One of the biggest differences with the patent rankings in China compared to many other countries is the extent to which the top 100 is dominated by universities and research institutes.
That is not to say those bodies do not play an important innovation role in the United States or major European countries – they clearly do, just not to the extent of China’s giants of higher education and research. As Figure 2 shows, research entities comprise just over one-third of the top 100, confirming the importance of the likes of the Chinese Academy of Sciences, Tsignhua University and Zhezhiang University to China’s innovation machine. One interesting thread to follow will be the extent to which that share of the top 100 changes now that some government patent subsidies are set to end in four years.
Elsewhere electronics, automotive, software/internet services, semiconductors and telecoms are all seeing major patenting activity. As was pointed out earlier, foreign entities contribute widely across electronics and automotive, while software/internet services and telecoms are dominated by Chinese entities.
A year-on-year comparison for granted patents indicates that electronics is catching up locally, with the space still dominated by domestic players such as State Grid Corporation. Such has been China’s rapid economic and technological growth over the past 10 years that a local player can emerge in an area like electronics and become a significant patent force in a relatively short time frame. Xiaomi is a case in point. Within a decade, it has carved a name for itself as a smartphone manufacturer, more recently broadening its business to home appliances and more. Recent reports of the company’s interest in the auto space underline the extent of its ambitions.
One clear example of government intervention in the invention landscape is the High and New Technology Enterprise (HNTE) Policy, which aims to direct research to specific areas by offering innovation tax incentives or subsidies. Policies and incentives are formulated both nationally and locally. The technology areas under HNTE are as follows:
- Electronic information – software technology, microelectronics technology, computer and network technology, communication technology, radio and TV technology, new electronic components, information security technology and intelligent transportation technology.
- Biology and new medicine – medical biotechnology, traditional Chinese medicine, natural medicine, chemical medicine, new dosage forms and preparation technology, medical instrument technology, equipment and medical special software, light industry and chemical biotechnology.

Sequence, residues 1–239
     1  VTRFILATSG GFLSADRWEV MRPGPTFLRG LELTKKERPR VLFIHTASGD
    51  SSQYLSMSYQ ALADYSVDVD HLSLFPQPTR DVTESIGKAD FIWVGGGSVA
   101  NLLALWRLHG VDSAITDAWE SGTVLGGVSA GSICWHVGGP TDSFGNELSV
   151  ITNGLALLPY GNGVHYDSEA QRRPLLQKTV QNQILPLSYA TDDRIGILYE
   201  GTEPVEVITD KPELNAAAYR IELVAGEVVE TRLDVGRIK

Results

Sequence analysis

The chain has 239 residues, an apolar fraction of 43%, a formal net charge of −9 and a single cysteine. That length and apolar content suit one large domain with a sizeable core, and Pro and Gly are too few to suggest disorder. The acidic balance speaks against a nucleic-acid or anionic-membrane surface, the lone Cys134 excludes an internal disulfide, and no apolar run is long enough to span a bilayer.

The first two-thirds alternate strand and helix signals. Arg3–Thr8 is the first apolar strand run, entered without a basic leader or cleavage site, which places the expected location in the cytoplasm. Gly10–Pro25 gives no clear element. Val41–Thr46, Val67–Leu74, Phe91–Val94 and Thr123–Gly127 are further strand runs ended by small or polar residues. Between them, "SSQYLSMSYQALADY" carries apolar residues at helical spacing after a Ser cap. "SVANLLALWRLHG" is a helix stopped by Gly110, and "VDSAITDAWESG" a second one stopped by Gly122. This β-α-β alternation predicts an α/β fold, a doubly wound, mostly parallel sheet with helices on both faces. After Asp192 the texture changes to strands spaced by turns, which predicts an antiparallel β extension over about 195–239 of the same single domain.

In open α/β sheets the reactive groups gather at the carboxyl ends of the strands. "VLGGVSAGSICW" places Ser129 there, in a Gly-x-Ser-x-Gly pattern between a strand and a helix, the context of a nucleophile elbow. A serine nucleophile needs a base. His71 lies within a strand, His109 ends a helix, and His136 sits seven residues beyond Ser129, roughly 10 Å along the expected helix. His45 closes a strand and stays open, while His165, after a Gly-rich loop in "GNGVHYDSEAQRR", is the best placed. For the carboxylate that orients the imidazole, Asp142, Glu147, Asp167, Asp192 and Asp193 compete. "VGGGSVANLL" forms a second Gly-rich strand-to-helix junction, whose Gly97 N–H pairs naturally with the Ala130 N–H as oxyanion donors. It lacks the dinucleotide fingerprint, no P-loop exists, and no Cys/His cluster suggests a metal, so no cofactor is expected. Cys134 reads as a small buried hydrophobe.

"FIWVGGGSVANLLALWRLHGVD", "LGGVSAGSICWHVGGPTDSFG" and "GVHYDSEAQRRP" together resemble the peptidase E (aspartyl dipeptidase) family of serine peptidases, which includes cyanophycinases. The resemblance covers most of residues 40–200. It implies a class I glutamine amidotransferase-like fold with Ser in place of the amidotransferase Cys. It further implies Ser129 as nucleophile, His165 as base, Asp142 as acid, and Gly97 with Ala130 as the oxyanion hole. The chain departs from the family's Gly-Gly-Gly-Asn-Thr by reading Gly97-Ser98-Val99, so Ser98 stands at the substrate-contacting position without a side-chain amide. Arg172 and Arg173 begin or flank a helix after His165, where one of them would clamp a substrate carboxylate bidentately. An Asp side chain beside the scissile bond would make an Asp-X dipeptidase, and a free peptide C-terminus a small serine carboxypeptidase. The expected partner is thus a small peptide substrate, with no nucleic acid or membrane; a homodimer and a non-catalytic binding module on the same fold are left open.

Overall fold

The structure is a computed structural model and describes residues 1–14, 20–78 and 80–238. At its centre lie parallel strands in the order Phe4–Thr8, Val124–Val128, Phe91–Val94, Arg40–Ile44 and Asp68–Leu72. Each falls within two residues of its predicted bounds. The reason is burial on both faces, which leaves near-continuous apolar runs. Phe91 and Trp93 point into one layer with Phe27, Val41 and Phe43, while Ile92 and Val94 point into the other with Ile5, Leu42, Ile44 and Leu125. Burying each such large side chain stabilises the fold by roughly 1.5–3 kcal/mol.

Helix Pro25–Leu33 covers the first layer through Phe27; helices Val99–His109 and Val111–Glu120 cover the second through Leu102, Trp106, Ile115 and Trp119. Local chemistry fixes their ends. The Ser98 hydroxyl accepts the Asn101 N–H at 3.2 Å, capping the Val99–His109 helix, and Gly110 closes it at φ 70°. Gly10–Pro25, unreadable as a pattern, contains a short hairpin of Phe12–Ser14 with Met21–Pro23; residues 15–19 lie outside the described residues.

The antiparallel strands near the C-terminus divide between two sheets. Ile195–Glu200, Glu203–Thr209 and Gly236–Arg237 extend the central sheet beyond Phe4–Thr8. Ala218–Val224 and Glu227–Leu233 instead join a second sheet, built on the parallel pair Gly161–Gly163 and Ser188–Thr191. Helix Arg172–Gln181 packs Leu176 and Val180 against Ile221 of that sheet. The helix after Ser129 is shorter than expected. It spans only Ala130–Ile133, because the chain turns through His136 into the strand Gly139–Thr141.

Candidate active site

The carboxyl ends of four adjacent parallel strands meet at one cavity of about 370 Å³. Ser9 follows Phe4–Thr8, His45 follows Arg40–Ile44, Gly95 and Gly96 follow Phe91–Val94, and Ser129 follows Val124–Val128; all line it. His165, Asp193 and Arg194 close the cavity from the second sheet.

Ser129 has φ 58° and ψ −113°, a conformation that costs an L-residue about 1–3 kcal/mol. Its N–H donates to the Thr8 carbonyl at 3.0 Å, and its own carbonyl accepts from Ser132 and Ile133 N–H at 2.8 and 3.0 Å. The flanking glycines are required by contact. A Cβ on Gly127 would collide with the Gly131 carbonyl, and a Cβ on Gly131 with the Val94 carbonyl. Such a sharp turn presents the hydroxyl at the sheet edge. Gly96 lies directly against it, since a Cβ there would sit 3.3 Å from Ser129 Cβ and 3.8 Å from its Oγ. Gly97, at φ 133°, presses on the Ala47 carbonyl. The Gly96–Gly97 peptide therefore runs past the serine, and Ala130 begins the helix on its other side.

- Aerospace – civil aircraft technology, air control systems, a new generation of civil aviation operation assurance systems, satellite communication application systems and satellite navigation application service systems.
- New materials – metallic materials, inorganic non-metallic materials, polymer materials, biomedical materials and fine chemicals.
- High-tech services – generic technology, modern logistics, integrated circuits, business process outsourcing, cultural and creative industry support technology, public services, technical consulting services, sophisticated and complex mould design, biomedical technology and industrial design.
- New energy and energy saving – renewable clean energy technology, wind energy, biomass energy, geothermal energy utilisation, nuclear energy and hydrogen energy, new high-efficiency energy conversion and storage technology, and high-efficiency energy-saving technology.
- Resources and environment – water pollution control technology, air pollution control technology, solid waste treatment and comprehensive utilisation technology, and environmental monitoring technology.
- Advanced manufacturing and automation – industrial production process control systems, high-performance, intelligent instrumentation, advanced manufacturing technology, new machinery, power system information and automation technology, and automotive industry-related technologies.
Table 1. Overall granted patents in China for the top Chinese players in a selection of sectors compared with overseas entities
|China dominance over foreign entities grants||Major Chinese contributing entities|
|Electrical||3.4 times more||State Grid China, Midea, Gree Electric|
|Chemicals||~8.7 times more||China Petrochemical Corporation|
|Energy||1.2 times more||China National Petroleum Corporation|
|Software/internet services||~2.8 times more||Tencent, Alibaba, Baidu, Tsinghua Unisplendour, 360 Security Technology|
|Telecoms||5.8 times more||Huawei, ZTE, China Mobile|
New areas added to the list include cloud computing technology, mobile internet, encryption technology, e-commerce and modern logistics, inspection certification and standardised services, supportive technologies for cultural and creative industries, natural disaster monitoring and alert and emergency solutions.
Other policies similar to HNTE cover technology advanced service enterprises and tech-based SMEs.
It is thus unsurprising that government-backed machinery is churning out innovation from all sides. These policies are designed to encourage not only the corporates but also research institutes and universities to actively participate in the patent market. They also promote collaboration between corporates and research entities.